Too many of us get tongue tied during an interview and only hear selective wording in job offer especially if one has done multiple job interviews. We, the job seekers, should be as through as the company in finding ideal match. Like the other commenter stated perhaps a sit down discussion is in order to clarify situation before jumping ship.

  3. I’d be inclined towards the honesty approach. If you tell them “I’m working 60 hours a week with no end in sight, and I need to work less than that so I can have a life,” and they don’t hire you because of it, well, where I come from, that’s called “dodging a bullet.”

    You don’t want another job just like the current one. Interviews are a two way street, and it’s perfectly OK to test them by being honest with your expectations.

    1. I agree with both Goober and Chelsea. As an HR Director, I want interviewees to be honest in what their looking for so I can be sure they are a good fit. I also try to be as honest as possible about the job (if there is late working hours, seasonal busyness, etc).

      The key is to find a good fit for BOTH sides. No one wants to keep job hunting anymore than a business wants to be continuously recruiting.

  4. I’m a recruiter and I’d agree with Goober’s comment above.

    It’s fair to let prospective employers know you don’t want to work 60+ hours/week continuously, but also make sure you make it known that you don’t have a problem putting in extra hours during busy times (as long as it’s truly during busy times, not year round). Good luck!

  5. Always verify. I *never* believe what the hiring manager says regarding working hours during interviews– there’s some sort of systemic bias. I *always* have “one on one” discussions with peers which may, or may not, corroborate. Often not corroborate, as in the following example.

    I interviewed in my “honeymoon” town for an intriguing job, just a few years after we’d married. Kismet, I thought.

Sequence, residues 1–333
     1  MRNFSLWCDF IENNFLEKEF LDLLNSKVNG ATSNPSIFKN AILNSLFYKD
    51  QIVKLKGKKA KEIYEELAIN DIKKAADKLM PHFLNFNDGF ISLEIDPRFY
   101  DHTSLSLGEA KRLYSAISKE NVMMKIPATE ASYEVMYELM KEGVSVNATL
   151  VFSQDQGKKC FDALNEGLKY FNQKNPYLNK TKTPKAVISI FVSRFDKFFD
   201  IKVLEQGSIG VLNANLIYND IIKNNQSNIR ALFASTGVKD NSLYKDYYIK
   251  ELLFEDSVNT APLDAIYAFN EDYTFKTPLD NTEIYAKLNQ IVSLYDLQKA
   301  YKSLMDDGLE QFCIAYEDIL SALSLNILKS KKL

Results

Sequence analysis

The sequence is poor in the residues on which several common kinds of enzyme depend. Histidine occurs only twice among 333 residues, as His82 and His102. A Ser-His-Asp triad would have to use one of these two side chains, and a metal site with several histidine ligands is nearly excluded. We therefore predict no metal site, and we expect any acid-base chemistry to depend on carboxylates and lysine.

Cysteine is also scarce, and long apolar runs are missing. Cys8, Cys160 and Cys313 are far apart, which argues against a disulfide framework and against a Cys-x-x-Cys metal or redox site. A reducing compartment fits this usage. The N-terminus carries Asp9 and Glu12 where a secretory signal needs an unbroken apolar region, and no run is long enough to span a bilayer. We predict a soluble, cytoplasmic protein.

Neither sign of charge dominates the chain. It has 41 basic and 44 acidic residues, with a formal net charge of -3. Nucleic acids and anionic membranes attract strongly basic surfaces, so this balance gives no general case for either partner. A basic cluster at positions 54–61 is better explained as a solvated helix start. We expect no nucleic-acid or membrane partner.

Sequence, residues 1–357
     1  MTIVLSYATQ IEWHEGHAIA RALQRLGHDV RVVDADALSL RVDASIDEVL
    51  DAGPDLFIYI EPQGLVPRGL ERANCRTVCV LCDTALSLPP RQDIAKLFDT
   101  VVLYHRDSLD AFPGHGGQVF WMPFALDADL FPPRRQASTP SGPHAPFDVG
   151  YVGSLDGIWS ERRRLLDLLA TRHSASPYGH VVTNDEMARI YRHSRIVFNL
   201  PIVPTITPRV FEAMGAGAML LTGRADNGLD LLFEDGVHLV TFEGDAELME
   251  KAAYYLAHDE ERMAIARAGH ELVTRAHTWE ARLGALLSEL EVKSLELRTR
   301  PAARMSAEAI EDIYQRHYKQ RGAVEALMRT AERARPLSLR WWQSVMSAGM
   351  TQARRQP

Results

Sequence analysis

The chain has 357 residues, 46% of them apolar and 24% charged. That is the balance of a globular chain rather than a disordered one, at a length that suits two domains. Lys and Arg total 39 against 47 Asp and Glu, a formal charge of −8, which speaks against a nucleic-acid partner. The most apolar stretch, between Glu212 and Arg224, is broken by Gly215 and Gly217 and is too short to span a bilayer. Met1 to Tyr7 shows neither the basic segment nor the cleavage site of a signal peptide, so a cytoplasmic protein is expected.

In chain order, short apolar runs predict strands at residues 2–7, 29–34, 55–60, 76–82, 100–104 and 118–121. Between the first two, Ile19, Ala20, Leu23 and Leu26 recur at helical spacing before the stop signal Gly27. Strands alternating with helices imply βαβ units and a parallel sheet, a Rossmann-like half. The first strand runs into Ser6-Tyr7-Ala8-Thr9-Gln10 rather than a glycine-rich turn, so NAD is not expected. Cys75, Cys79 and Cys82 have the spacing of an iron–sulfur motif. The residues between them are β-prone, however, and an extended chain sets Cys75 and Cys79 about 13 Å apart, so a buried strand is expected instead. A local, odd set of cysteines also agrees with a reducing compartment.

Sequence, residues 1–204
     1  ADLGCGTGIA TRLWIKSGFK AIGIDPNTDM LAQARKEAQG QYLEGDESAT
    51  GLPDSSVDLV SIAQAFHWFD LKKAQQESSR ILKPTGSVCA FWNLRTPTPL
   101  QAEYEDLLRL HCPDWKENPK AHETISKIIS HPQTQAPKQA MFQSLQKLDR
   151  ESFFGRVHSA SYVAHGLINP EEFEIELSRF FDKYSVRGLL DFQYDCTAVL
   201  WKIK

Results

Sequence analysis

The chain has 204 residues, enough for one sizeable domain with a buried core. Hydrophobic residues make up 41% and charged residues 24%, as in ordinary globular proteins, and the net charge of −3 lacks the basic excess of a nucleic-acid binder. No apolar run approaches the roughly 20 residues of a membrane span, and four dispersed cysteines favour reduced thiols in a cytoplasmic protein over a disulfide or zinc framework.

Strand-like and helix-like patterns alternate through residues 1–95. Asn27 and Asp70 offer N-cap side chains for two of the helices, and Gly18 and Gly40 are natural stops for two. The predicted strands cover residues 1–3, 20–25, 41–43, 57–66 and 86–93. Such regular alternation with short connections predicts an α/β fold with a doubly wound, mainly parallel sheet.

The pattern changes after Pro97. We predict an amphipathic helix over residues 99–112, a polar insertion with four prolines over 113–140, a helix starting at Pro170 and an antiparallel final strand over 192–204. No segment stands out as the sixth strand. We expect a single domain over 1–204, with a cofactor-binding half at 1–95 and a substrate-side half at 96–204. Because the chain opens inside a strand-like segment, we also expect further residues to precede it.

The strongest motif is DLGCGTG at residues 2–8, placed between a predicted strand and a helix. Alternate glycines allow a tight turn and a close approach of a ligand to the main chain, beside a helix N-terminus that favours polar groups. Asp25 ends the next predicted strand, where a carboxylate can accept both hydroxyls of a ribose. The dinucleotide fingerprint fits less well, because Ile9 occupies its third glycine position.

The hiring manager had shown me around the facility, had one-on-one, and was wrapping up in a conference room discussion with two would-be peers — when an unplanned phone call pulled the manager away a few minutes.

    As soon as he closed the door behind him, I asked “I like the way this job sounds; should I take it?”

    “NO!” was the unanimous reply. “This is a small town. We relocated here, bought houses… and as soon as we did the manager piled on more work. He knows we’re trapped: there are no other jobs and we can’t sell our houses– don’t do it.”

    The previous work conversation resumed as the manager returned. A job offer eventually showed up in my mailbox, and was tactfully declined.

    Always talk with peers away from the hiring manager.

  6. This is mostly good advice. More generally, your priority when seeking to jump ship should be 1. finding a better match for youself at this point in your life and career, and 2. helping the employer to see that you are a good match for their needs. Obviously you shouldn’t be dishonest, but since as Mrs. Lucas points out you might be verifying some of the specifics about, for instance, scheduling through “back channels,” this might be one of those questions the answer to which need not tell *every* detail.

    That said, it is a huge mistake to prioritize merely “looking good” in an interview. If you start to sense things might not work out and at the same time the employer seems to express some hesitation, don’t panic and try to turn things back in your favor. You’re supposed to be learning more about each other.